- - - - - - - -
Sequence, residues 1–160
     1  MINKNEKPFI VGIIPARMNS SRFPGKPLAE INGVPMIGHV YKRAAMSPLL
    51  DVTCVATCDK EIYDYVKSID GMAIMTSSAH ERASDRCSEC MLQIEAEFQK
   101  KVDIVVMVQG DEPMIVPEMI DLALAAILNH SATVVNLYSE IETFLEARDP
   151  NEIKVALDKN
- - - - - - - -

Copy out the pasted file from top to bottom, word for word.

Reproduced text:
Sequence, residues 1–160
     1  MINKNEKPFI VGIIPARMNS SRFPGKPLAE INGVPMIGHV YKRAAMSPLL
    51  DVTCVATCDK EIYDYVKSID GMAIMTSSAH ERASDRCSEC MLQIEAEFQK
   101  KVDIVVMVQG DEPMIVPEMI DLALAAILNH SATVVNLYSE IETFLEARDP
   151  NEIKVALDKN